Le Marché de noël 2011 par nuit

Bonne fête et joyeux noël, tout le monde!

Tuesday, May 1, 2012

The Nudes of Europe

best viewed large, so go ahead and
click on the image for your viewing pleasure
i have always been fascinated with nudes.  i never really understood those who aren't.

i may be a bit inhibited when it comes to being naked, (being born in a country where people are so vain and had too many issues and insecurities about their physical appearance) but i have no qualms about appreciating a beautiful nude body.

and this is why i love europe.  i love those beautiful naked statues and nude paintings, nude photographs, uncensored nudity on movies, TV shows and advertisements... and sometimes, when you're lucky, people running around naked in the rugby field from across the street where you live! :)

crazy nude guy on the background
of some kids' clothing ad
i was quite surprised to wake up to a sunday morning seeing these crazy seemingly drunk people early in the morning, running around naked tackling each other in the rugby field from across the street, which can be viewed from our balcony.  usually, on calmer mornings, i only have the view of the icy peaks of the pyrénées.  but this morning, i was in for a surprise.

and sometimes, you even find them in even more unusual and unexpected places, like in an advertisement for kids' clothing. :D

surrounded with all this glorious nudity, really, how can it be more fun in the Philippines?  :p

Friday, March 9, 2012

Friday Food Feast

Hubby and I decided to go for crêpes today for lunch. We went to this restaurant called, Crep chignon, recommended by my hubby's boss. It was quite nice. Especially since the last time I've eaten crepes was at Café Breton with friends at GB, Makati during my last visit to the Philippines!


Just look at these sumptuous treats that we had for lunch:

This is what I had for lunch: just a simple crêpe with jambon and egg inside, and some exotic salad with palm heart and pineapples on the side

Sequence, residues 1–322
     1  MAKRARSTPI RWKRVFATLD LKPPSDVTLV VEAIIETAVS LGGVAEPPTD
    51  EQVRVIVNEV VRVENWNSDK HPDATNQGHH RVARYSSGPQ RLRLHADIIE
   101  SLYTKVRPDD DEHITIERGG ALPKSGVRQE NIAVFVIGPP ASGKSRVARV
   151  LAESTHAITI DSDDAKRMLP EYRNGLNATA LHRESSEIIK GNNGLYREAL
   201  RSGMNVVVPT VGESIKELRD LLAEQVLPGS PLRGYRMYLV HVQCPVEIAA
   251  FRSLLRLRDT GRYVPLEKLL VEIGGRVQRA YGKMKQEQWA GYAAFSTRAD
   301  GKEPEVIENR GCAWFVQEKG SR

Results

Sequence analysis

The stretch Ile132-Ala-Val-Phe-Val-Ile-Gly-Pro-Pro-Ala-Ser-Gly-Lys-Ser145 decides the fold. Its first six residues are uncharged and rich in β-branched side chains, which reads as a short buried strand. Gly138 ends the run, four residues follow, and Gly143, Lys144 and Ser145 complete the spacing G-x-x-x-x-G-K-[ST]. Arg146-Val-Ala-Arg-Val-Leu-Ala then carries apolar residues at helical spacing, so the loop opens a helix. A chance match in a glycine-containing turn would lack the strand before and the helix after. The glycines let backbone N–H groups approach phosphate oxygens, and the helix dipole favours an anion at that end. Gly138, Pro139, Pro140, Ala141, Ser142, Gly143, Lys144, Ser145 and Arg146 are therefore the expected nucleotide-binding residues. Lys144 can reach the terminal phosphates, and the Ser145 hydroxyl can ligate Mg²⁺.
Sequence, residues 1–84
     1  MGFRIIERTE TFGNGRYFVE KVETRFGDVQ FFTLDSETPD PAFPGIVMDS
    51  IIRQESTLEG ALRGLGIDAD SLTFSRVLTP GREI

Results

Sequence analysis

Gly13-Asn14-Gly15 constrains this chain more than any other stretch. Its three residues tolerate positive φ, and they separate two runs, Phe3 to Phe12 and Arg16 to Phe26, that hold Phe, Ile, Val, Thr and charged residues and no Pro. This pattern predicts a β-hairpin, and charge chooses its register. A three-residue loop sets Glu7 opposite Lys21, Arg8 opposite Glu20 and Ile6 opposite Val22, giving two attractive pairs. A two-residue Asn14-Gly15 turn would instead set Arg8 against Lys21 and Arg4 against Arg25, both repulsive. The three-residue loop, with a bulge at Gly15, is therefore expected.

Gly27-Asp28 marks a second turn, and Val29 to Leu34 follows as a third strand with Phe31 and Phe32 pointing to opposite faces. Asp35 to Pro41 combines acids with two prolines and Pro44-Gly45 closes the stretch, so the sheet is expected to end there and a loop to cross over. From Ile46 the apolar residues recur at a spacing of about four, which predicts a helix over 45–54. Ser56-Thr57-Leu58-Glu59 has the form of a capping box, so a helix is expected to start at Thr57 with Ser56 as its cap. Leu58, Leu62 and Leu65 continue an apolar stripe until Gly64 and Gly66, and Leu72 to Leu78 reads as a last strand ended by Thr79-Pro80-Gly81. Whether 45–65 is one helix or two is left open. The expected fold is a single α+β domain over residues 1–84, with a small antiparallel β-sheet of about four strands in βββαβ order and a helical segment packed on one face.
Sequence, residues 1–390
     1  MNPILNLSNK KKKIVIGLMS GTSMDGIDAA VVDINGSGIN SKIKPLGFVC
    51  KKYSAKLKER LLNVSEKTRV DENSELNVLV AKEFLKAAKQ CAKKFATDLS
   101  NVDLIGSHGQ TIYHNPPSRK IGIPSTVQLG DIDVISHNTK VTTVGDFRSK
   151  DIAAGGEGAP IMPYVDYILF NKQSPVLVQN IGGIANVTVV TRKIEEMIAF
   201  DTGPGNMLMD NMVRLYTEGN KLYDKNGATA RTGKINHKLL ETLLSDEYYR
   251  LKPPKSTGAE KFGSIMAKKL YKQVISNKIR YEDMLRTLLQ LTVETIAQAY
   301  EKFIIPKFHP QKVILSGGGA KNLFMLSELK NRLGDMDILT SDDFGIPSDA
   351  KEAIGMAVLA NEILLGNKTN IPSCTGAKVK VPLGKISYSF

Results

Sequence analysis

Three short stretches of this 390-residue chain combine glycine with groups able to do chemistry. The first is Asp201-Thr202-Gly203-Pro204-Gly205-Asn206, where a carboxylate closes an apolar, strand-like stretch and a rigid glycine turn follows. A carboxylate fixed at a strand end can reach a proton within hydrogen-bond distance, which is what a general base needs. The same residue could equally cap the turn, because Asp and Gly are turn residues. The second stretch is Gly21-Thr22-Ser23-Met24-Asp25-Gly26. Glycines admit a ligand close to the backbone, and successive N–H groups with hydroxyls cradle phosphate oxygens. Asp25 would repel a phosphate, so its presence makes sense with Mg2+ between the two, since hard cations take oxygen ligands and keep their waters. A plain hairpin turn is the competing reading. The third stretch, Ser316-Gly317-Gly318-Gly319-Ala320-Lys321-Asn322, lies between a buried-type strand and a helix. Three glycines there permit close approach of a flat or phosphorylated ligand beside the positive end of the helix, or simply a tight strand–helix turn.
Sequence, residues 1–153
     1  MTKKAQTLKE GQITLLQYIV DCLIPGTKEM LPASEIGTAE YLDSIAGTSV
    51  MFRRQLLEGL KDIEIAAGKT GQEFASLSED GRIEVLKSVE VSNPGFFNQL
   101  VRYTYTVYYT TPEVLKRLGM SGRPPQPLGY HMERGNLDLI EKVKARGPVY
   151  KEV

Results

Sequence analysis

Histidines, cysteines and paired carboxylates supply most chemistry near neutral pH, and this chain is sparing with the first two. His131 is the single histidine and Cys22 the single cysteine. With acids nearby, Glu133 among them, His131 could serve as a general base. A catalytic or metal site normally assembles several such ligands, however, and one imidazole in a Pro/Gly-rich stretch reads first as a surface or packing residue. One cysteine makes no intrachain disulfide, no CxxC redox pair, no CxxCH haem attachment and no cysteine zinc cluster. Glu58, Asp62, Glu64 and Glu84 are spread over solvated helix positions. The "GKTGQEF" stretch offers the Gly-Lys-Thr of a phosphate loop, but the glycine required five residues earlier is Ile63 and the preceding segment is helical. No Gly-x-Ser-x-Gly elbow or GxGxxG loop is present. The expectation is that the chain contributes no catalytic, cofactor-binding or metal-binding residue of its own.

This is what my hubby had for lunch: a simple salad, and crêpe with pork blood sausage and apples, and cider ice cream



Dessert in France is always delicious, no matter how simple they look!  This one is crêpe with bananas and hot chocolate, with chantilly on the side... yum!



Coffee in France is always espresso, unless you specify otherwise. I had a decaffeinated one here. You see the blocks of sugar on the side? Crafty, eh? But not very sanitary, if you're finicky about other people touching those blocks before you do.

After the restaurant, we went to the grocery to stock up on food for the weekend, especially since we're having some visitor friends of hubby, coming from Bretagne (Brittany, northwest of France). I remember back then, the first time hubby took me to the French grocery in Singapore, he went completely nuts. He went crazy and bought so much food. I think this grocery-craziness has rubbed off on me a bit. Especially since we moved to France. I mean, who wouldn't go crazy with these:


French bread -- according to hubby, this is real bread, the ones that scar your gums, not the soft ones we have back in Asia



Pastries and candies -- the ones on top are made from the famous Toulouse Violettes, below are loads and loads of cakes and pies and tarts

Of course, a trip to the french grocery or market wouldn't be quite complete without passing by a humongous selection of cheese

And if you ever go to the fresh open market, which they call marché, you will find fresher produce, and a lot more interesting and exotic stuff like rabbits and deer, etc. They're usually open for only a few hours in the morning, though.

Food, I think is just about the best thing you can find in this country.